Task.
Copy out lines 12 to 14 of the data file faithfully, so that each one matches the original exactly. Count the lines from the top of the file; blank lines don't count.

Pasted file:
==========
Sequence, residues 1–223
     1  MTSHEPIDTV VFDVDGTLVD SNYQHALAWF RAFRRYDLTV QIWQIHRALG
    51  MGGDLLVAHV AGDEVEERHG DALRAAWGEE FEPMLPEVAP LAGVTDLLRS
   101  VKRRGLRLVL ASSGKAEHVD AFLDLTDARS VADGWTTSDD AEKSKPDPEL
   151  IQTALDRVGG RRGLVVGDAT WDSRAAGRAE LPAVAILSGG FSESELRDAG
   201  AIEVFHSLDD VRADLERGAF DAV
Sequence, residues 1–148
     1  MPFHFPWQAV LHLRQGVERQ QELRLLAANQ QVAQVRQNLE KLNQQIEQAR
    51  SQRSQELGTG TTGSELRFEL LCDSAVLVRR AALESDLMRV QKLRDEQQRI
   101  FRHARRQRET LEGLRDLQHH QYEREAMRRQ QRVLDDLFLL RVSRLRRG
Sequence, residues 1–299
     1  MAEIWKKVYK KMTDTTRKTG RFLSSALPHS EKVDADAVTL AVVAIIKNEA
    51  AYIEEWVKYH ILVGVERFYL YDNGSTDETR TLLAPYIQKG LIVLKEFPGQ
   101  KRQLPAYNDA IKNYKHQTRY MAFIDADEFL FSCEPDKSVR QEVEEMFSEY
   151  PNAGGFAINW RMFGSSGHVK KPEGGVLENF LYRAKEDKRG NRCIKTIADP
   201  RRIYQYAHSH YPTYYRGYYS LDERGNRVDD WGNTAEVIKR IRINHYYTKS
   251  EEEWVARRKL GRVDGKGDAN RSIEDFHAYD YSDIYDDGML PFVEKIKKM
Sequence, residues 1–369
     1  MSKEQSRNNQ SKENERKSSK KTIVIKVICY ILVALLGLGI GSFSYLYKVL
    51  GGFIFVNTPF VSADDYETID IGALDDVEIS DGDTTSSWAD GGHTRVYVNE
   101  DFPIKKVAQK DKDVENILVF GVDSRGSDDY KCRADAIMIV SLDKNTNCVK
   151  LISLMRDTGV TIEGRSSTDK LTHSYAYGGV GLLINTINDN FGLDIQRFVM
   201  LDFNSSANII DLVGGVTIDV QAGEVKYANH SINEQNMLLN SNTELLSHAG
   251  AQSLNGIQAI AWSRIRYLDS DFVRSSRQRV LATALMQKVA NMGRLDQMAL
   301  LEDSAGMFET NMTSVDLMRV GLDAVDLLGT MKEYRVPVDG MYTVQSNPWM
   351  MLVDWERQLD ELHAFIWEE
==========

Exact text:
     1  MAEIWKKVYK KMTDTTRKTG RFLSSALPHS EKVDADAVTL AVVAIIKNEA
    51  AYIEEWVKYH ILVGVERFYL YDNGSTDETR TLLAPYIQKG LIVLKEFPGQ
   101  KRQLPAYNDA IKNYKHQTRY MAFIDADEFL FSCEPDKSVR QEVEEMFSEY